Innovations in Digital Healthcare…and Beyond
It’s not just millennials who want digital-first healthcare. Surprisingly, most age groups are moving toward digital health – including baby boomers and beyond.
A national survey by the Pew Research Center found that 71 percent of individuals ages 50-64 seek healthcare information online. A different study by Accenture Research found that more than half of seniors say it is somewhat important or very important to be able to email with providers.
Reflecting these trends, Sutter Health is investing in innovative technologies and approaches to respond to patient needs, propelling advancements in virtual symptom checkers, video visits, provider-patient text messaging, smart tablets for parents to monitor their babies in the NICU and mobile health services.
One of Sutter’s most recent advancements, Tera Practice, weaves together the benefits of an integrated health network system with innovative technologies to better provide big-picture health results for patients.
The virtual-first model offers a dedicated overall care team including a primary care provider, a nurse and a health coach, with use of video, phone, email messages and in-person visits when needed. The idea behind it? Providing healthcare that encompasses total patient care and fits into a patient’s life, not the other way around.
“I believe that one of the most important aspects of excellent clinical care is listening to the patient,” said Yumi DiAngi Taylor, M.D., founder of Tera Practice. “Our Tera clinic creates an environment to do that. We see health as a journey and we offer support along the way.”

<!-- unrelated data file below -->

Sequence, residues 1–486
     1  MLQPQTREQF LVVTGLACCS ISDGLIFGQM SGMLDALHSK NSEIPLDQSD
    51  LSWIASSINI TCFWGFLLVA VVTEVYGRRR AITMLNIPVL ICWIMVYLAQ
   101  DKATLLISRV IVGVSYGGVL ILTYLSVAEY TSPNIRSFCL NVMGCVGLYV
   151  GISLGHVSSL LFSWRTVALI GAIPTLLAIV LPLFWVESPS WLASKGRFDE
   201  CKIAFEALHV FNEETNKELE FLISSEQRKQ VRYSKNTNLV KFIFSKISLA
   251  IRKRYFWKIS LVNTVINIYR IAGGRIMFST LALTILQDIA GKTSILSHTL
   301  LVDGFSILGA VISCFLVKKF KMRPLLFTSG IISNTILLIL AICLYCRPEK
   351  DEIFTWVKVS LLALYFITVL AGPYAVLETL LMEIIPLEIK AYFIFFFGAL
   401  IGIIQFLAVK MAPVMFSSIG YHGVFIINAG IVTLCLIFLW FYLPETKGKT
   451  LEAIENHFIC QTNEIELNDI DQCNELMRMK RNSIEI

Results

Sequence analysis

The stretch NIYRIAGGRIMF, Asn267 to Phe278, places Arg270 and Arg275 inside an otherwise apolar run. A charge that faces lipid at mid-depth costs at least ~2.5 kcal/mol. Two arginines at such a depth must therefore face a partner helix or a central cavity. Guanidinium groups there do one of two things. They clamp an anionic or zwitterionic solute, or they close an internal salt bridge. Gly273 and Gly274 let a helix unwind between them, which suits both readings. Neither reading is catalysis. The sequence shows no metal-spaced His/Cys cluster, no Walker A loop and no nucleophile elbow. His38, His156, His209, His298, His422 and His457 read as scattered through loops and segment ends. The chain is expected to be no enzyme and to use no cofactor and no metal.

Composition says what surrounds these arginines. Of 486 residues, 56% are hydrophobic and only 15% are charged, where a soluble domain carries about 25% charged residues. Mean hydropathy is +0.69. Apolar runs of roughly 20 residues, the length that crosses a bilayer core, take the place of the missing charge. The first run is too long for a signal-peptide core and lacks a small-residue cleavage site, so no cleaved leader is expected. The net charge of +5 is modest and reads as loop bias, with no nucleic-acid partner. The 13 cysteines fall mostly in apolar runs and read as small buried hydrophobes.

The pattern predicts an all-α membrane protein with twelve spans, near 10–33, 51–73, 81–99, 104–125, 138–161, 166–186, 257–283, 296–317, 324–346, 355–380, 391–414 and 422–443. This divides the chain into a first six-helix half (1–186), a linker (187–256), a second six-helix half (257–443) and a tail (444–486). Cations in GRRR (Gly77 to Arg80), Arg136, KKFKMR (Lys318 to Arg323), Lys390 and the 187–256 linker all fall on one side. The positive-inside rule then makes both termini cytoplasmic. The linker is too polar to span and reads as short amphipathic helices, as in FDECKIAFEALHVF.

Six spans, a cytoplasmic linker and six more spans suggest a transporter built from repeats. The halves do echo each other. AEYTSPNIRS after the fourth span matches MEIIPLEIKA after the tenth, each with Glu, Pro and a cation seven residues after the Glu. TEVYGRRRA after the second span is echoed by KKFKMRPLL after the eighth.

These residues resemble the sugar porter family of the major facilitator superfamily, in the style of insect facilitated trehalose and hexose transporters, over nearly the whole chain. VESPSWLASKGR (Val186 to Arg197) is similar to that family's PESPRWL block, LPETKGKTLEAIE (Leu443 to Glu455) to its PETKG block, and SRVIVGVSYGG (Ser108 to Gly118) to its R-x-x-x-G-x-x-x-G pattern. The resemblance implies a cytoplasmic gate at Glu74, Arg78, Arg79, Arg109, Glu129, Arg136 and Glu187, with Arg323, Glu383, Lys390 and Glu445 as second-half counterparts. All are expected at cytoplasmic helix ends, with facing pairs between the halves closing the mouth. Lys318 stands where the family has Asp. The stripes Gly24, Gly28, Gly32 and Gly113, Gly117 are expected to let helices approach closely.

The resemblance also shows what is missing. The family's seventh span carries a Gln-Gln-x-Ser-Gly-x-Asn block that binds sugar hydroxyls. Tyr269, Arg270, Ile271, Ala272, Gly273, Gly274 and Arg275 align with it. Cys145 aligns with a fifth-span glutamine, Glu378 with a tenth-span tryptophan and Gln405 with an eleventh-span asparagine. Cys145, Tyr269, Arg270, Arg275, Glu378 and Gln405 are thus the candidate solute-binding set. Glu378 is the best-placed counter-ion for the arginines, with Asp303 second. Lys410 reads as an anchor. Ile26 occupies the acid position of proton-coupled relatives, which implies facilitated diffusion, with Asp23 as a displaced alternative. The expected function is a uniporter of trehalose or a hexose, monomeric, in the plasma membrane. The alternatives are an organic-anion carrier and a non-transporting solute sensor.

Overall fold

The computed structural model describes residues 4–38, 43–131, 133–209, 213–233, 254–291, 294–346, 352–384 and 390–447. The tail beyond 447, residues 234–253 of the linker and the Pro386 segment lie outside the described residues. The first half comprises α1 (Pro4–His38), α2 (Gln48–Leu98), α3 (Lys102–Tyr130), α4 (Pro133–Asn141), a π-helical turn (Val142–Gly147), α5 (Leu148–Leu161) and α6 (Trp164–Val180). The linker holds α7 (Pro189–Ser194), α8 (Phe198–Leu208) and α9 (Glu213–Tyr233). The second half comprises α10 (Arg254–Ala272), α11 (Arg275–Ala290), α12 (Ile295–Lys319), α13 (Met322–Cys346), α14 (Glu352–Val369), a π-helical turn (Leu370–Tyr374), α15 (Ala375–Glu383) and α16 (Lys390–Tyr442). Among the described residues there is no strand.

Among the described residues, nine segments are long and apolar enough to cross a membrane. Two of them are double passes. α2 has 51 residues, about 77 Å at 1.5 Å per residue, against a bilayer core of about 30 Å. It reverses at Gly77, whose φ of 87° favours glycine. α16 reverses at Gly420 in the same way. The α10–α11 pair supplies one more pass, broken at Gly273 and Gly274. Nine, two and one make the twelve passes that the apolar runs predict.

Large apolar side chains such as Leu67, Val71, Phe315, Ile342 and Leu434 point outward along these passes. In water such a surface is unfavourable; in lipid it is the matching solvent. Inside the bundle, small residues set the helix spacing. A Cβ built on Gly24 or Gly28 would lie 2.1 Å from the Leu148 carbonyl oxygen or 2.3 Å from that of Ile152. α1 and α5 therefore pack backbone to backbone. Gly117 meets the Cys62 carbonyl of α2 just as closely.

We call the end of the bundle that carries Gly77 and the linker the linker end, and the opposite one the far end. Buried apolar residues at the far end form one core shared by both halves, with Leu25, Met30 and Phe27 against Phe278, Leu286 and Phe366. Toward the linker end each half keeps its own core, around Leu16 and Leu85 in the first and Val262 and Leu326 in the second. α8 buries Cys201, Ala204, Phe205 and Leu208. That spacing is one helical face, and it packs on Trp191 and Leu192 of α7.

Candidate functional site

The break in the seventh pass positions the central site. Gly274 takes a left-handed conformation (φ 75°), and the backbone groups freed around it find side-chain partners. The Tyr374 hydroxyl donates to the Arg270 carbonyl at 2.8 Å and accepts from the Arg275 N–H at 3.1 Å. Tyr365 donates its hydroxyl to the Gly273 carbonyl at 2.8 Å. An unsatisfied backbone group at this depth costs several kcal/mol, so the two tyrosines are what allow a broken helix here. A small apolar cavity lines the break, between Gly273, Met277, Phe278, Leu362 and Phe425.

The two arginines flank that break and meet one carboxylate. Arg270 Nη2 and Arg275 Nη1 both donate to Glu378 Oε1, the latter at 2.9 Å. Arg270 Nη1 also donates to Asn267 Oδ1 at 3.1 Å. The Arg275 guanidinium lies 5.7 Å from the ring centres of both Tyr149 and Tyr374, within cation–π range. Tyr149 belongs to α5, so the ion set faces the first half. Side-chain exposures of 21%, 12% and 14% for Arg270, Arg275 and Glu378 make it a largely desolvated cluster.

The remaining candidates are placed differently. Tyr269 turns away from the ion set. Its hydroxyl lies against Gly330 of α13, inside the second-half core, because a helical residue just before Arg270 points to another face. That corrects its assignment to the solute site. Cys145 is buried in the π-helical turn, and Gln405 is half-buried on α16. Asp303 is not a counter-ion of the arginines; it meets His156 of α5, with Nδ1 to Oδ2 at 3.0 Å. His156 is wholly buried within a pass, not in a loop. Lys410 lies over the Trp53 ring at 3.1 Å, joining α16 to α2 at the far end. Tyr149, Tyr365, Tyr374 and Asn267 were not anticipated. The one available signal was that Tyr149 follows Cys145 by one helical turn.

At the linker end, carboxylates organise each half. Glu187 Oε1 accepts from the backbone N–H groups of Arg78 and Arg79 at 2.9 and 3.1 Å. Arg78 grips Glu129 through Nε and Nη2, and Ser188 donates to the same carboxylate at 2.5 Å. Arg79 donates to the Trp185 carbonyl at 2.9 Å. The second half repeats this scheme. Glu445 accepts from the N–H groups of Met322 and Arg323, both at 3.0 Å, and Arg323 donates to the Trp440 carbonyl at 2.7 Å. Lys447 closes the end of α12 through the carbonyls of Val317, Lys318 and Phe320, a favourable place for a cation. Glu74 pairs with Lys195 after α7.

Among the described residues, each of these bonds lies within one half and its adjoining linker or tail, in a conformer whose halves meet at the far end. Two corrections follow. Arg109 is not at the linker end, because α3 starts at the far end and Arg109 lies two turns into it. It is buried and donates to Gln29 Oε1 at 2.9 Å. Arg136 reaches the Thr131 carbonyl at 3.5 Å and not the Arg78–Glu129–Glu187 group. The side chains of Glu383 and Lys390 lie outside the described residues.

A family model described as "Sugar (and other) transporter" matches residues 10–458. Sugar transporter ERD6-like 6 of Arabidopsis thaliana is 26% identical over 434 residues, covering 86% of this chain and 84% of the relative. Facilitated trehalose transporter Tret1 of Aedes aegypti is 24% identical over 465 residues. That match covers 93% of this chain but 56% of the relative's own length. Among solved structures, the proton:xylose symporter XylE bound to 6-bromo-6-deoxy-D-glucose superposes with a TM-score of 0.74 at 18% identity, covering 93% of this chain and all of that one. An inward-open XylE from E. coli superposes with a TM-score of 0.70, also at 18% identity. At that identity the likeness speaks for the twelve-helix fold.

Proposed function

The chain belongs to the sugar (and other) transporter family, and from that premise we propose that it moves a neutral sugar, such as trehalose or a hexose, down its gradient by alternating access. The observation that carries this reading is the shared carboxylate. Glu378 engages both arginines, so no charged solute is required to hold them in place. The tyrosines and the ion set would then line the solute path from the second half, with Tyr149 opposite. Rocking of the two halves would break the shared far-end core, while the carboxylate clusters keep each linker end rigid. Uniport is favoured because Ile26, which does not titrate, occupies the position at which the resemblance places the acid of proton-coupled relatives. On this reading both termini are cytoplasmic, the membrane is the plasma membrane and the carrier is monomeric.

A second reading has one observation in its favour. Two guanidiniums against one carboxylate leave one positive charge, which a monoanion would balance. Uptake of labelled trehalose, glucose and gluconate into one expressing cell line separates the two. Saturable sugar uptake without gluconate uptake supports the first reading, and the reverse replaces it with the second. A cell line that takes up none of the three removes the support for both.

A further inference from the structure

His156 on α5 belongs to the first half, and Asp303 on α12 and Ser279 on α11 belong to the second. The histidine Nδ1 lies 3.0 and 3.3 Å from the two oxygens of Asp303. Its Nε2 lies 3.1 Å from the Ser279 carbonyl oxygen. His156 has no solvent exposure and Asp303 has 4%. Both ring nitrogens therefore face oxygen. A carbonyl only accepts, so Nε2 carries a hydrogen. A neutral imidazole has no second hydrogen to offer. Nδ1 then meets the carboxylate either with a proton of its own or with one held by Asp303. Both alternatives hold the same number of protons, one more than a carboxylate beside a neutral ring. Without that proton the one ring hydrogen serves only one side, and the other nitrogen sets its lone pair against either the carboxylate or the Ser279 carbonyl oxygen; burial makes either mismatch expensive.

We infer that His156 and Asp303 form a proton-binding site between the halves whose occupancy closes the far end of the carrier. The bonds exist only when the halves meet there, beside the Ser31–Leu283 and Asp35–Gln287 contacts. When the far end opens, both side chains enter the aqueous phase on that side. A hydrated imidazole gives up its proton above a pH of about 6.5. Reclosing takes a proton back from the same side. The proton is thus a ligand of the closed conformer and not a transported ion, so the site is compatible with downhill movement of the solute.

Breakthroughs are occurring across Sutter’s integrated network of physicians, hospitals and clinics, which coordinate care through innovative programs, research and technologies.
- Sutter was one of the first in California to pilot a Mobile Stroke Unit, which administers care more quickly, often the difference between life and death for stroke victims.
- Sutter invested $54 million in research last year to address a wide range of critical health concerns including stroke, breast cancer, diabetes, Alzheimer’s and dementia, cardiovascular diseases, liver and kidney transplants.
- Sutter’s specially designed Acute Care for the Elderly (ACE) hospital unit is helping prevent mental and physical decline in elderly patients, decreasing complications and hospital stays and improving mobility.
Integrated networks use the power of innovation and advancements systemwide. Patients benefit from breakthrough technologies, research and programs that are shared across the network.
“Sutter Health aims to revolutionize healthcare by making it simpler, engaging and more human,” said Chris Waugh, chief innovation officer at Sutter Health. “We care about people deeply, and we are here to help them heal. We are always listening, observing and are perpetually curious about people. That empathy fuels our not-for-profit work.”
Integrated health networks, through collaboration and research efforts, are uncovering best practices that prioritize patient experience and outcomes, while driving quality and cost savings. Health systems invested in innovation can continue to uncover better health outcomes for patients today and work toward cures for future generations.